I want to develop a cost-saving technology to remediate these problems and offer new efficient methods and information to our producers and farmers through my research.

Harvest of sweet potatoes at Kairen Co.Ltd. Image by Mami.

NR: Can we consider that you want to become a farm ambassador?

MN: Probably. There is a story about sweet potato, and I want to help the farmers tell it through co-creation. My experience showed that this is possible. Last year I participated in the SUPERMARKET TRADE SHOW (SMTS) with our products.

SMTS offers the latest information to the food distribution industry, focusing on supermarkets. It provides an opportunity to meet leaders from the retail, wholesale, ready meal, and foodservice industry and find new partnerships, networks, and new trends for helping your business.

Kairen Co. Ltd. products presented at SMTS2020. Image courtesy of Mami

This year, I joined the Design Thinking class from NUT to improve my English and increase my creative confidence in problem-solving. During the course, my colleagues and I decided to apply design thinking tools to resolve some challenges our business faced. I was very impressed by my colleagues and professor Lim’s interests in the existing problems, new proven solutions, and creative ideas.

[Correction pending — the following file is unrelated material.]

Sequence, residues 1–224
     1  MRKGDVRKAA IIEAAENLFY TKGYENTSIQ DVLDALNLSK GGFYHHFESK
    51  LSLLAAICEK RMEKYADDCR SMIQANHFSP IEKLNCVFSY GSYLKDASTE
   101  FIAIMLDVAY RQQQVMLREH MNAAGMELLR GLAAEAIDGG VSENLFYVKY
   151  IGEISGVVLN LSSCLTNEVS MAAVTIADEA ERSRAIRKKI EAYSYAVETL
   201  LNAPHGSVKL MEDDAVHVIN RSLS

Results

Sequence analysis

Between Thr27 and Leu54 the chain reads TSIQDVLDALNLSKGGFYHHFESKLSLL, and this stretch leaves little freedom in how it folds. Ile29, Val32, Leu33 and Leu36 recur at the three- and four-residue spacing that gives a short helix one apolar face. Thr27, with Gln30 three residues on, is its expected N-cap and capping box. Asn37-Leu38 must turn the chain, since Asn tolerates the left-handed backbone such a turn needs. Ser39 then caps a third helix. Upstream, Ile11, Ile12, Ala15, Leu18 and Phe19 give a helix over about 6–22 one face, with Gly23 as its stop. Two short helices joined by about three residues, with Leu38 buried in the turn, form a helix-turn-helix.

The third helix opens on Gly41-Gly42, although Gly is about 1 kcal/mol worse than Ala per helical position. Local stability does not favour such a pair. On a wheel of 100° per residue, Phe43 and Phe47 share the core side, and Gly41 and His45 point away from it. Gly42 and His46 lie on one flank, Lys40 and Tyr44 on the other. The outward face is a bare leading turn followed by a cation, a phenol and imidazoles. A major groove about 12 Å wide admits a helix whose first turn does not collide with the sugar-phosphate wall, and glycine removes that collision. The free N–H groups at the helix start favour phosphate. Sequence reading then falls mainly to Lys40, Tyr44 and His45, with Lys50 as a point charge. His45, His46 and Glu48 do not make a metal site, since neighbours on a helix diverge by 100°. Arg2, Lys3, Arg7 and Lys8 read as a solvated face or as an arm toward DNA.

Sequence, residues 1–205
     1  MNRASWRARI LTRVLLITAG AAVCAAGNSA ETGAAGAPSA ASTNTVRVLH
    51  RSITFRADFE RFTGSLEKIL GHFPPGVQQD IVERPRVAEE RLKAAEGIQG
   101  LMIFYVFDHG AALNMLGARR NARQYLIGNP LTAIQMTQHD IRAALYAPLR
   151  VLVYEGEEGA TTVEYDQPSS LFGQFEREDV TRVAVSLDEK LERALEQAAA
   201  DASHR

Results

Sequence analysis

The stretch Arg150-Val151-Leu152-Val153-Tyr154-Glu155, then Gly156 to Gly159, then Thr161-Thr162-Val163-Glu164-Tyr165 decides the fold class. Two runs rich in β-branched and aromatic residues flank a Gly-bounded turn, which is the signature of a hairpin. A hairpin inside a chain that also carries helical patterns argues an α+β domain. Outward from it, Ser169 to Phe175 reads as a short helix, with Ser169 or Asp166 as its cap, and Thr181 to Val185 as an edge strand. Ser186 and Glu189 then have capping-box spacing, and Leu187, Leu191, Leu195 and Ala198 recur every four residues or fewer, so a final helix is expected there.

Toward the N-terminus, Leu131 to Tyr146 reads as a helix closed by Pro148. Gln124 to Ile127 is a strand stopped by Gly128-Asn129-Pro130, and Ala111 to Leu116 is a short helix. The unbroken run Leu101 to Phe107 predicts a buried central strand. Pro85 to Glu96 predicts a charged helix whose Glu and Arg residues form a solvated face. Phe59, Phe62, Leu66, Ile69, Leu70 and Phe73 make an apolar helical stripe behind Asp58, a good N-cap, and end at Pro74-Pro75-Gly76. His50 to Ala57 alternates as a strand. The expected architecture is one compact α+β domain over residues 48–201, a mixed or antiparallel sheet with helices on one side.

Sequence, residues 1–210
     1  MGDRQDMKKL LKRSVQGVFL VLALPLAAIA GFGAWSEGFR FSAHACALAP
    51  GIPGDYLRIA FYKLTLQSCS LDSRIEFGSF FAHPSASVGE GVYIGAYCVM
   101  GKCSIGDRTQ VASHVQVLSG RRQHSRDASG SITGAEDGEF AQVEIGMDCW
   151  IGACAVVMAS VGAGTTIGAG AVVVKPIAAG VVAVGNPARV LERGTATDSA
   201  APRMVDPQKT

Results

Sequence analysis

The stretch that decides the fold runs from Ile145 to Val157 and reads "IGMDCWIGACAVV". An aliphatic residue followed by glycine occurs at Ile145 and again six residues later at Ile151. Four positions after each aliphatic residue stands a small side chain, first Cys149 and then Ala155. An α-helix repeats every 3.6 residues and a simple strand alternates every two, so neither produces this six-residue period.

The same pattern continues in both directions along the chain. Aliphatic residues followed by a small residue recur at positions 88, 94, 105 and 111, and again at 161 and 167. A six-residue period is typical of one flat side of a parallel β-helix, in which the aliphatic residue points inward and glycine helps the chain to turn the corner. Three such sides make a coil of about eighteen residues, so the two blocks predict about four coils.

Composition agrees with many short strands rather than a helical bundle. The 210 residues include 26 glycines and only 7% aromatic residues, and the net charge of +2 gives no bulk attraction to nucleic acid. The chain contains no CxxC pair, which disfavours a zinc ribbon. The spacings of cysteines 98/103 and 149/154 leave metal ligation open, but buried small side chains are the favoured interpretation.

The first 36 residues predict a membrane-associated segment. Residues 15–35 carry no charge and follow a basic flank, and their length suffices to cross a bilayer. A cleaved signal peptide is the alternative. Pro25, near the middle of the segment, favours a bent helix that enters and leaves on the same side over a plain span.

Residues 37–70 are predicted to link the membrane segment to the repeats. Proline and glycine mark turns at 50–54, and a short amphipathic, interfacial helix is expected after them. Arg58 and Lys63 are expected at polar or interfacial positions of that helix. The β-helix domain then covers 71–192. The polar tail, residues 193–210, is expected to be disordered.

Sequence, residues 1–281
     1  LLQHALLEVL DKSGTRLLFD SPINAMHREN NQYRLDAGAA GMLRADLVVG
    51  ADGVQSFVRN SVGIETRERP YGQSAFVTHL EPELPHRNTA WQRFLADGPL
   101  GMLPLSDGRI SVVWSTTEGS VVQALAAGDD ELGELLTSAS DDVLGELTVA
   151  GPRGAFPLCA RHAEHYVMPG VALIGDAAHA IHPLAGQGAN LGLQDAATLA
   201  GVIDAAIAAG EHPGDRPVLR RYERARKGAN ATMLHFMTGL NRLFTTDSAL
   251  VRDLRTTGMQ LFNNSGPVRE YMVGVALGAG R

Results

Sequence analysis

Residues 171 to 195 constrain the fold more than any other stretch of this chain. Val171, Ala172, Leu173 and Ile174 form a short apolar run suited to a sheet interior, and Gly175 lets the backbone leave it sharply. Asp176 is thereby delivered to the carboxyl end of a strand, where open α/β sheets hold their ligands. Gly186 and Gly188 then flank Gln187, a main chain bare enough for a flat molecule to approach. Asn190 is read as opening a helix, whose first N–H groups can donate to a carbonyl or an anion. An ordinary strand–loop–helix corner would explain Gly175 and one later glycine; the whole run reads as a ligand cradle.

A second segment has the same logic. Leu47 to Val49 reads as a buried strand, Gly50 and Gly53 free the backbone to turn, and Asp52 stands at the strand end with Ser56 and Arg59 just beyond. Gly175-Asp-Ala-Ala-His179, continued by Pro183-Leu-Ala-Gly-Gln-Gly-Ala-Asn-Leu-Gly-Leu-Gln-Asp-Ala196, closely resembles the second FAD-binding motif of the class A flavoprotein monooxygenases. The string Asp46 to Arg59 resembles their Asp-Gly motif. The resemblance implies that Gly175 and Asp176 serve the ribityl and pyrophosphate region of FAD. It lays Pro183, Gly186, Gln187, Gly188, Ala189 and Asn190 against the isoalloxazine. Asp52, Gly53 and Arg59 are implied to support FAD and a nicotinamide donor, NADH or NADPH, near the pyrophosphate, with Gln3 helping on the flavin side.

Life in Nagaoka

NR: Recently you moved to Nagaoka. Can you tell us a little more about the reason behind this?

MN: Starting with theoretical and practical data, meetings with my research professor, specific experiments, and exploring new opportunities for different ways of working, I faced these challenges with remote research after starting my doctoral program. To overcome these challenges and gain the necessary knowledge, I decided to move to Nagaoka. Also, this is an excellent opportunity for me to become more independent, explore more, and challenge more.

I am delighted to be part of Yamaguchi Laboratory. Our laboratory is a mix of Japanese and international culture, and maybe this is one of the essential aspects that help create a friendly and relaxed working atmosphere. Starting with professors and lab mates, they are all ready to help, mentor, and advise, have fun with you, or speak when you are sad or facing some challenges.

NR: After two weeks here, what do you enjoy about Nagaoka?  Have you found any challenges living here?

MN: I think there are many people who are active and always on-the-go. There are so many different kinds of people in this city, and it is exciting to be a part of Nagaoka’s life. It probably is too early to speak about challenges, but I am worried about the winter season. Niigata prefecture is known as a snowy area and, for me, will be the first time to experience real snow time after Kagoshima’s warm climate.

NR: What do you miss by living out of your hometown?

MN: There are three things: my big family, Torisashi, and steam sand bath.

You probably think is this safe for eating raw chicken? Well, raw chicken is a famous traditional dish to people in Kagoshima. You can find that in a random grocery store and at almost any izakaya (Japanese-style bars). There are different parts of the chicken you can eat raw.  Some are boiled or grilled on the outside for the smell and to add more flavor.